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5 Ways to Recession-Proof Your Tech Career

By: Emily Gregor
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This post originally appeared on Fullstack Academy's blog.

As we shift to working and learning remotely during these challenging times, one thing Fullstack Academy wants to ensure is that we’re continuing to support the next generation of software developers by providing valuable tools and resources.

Fullstack’s co-founders and co-CEOs, David Yang and Nimit Maru, have taken this to heart by producing live Fireside Chats (subscribe to our YouTube channel so you don’t miss out), offering career advice, job-seeking tips, and more.

In addition to hearing their perspectives, those who watch live can ask questions and get an idea for what Fullstack has to offer.

From managing up to demonstrating potential, watch the five clips below to learn how to recession-proof your tech career (or watch the full video to hear more of the conversation).

1. Activate Your Network

One of the most important ways to keep your career goals moving forward is to maintain your network—even when you’re not able to communicate in person.

“Activating your network is really just rekindling some of the connections you have and letting them know what you’ve been up to,” David says.

As far as who to reconnect with, he recommends thinking beyond just your former supervisors. Consider your peers, those you’ve managed, and others you’ve collaborated with along the way.

2. Manage Your Boss

Now is the time to take initiative and flex your adaptability and flexibility. One way to achieve this is by managing your boss—otherwise known as managing up.

“Think about what matters to your manager, what value are you providing the company, and how will you be recognized for that value?” Nimit says. “A lot of people think about managing down, but you actually need to be managing up.”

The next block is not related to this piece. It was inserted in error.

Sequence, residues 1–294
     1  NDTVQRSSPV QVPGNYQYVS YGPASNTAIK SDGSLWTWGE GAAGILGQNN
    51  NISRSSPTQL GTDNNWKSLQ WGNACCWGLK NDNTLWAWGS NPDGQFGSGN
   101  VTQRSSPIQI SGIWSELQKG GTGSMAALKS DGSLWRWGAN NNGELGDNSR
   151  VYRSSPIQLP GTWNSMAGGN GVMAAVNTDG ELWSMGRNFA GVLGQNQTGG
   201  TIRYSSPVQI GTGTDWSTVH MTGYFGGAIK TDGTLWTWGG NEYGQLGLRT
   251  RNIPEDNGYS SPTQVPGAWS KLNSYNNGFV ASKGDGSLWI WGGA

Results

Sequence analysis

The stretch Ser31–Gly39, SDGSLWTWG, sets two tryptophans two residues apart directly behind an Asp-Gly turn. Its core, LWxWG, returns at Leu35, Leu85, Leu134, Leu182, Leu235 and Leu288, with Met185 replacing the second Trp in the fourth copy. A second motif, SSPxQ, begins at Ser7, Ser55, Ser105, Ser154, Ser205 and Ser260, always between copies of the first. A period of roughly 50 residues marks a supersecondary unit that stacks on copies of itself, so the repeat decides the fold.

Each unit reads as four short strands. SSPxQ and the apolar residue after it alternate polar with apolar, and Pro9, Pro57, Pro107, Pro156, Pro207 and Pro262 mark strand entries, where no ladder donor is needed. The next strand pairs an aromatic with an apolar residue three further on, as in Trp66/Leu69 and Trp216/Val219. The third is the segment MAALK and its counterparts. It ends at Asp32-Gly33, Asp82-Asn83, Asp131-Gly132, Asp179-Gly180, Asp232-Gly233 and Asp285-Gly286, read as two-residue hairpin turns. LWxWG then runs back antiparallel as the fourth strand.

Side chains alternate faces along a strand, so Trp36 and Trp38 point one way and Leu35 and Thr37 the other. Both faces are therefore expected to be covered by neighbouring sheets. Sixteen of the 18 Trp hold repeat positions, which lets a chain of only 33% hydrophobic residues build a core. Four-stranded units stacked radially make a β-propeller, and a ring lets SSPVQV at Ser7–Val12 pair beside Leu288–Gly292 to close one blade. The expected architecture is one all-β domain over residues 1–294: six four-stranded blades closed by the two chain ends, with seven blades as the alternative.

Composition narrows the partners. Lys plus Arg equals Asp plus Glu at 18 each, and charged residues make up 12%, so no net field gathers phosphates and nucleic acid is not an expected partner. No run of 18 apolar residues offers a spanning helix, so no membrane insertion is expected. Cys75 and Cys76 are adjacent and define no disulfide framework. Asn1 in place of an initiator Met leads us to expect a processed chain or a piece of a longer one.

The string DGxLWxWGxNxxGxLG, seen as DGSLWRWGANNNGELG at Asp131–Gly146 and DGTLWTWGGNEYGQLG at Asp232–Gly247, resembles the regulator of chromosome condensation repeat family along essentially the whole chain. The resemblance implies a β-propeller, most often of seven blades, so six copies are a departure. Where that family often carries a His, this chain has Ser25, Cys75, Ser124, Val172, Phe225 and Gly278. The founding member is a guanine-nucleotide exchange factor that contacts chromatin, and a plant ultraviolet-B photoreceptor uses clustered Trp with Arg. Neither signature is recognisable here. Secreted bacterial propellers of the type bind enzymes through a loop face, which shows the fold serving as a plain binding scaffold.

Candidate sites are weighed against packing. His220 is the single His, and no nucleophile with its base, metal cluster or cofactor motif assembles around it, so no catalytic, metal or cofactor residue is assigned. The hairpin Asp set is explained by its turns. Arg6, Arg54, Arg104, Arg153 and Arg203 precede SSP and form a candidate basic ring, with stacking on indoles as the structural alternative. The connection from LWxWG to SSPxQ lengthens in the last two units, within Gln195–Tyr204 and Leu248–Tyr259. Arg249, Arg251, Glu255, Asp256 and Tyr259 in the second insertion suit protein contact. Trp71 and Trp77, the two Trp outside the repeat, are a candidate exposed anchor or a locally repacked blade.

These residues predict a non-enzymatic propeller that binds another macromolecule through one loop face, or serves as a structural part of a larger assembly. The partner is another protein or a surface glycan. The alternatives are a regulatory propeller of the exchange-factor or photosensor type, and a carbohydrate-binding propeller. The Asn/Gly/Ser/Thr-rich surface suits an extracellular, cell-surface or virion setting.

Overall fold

Nimit also recommends thinking about how you help your teammates and how you’re being a good teammate.

“People want to keep good team members. Be the person that people rely on,” he says.

3. Brand Yourself

Take the time to ensure your LinkedIn, resume, and portfolio website represent you and set you apart from the crowd. Keep your projects and work experience updated and try to add statistics and numbers to boost credibility and authority in your field.

“If you think about your career, your career is a company of one. You are the CEO and janitor of your own career,” David says. “When someone looks at you, what are a few things they think about? What’s the takeaway?”

Effective branding can make it easier for companies to hire you, so make it a priority to set yourself up for success.

4. Demonstrate Potential

When thinking about how to recession-proof your career, it’s critical to show your managers that you’re essential to the future of the organization.

“Be the person who demonstrates your potential for growth and your potential for flexibility inside the company,” Nimit says.

One thing to keep in mind is that It’s much easier to transition into a new role at your current company than it is to get a role at a different company.

5. Focus on Hard Skills/Hard Output

Finally, focusing on hard skills and hard outputs. Whether you’re working as a software developer or working in marketing, take initiative and try to solve the problems you’re working on.

“It’s very different being the person who’s talking about the iPhone app versus the person who’s built the iPhone app,” David says.

If you’re willing to take ownership of projects and find opportunities to lead projects, replacing you will much more difficult than if you wait for opportunities to come to you.

Find out more about the professional skills you’ll learn both during and after attending the University of North Florida Tech Bootcamps.

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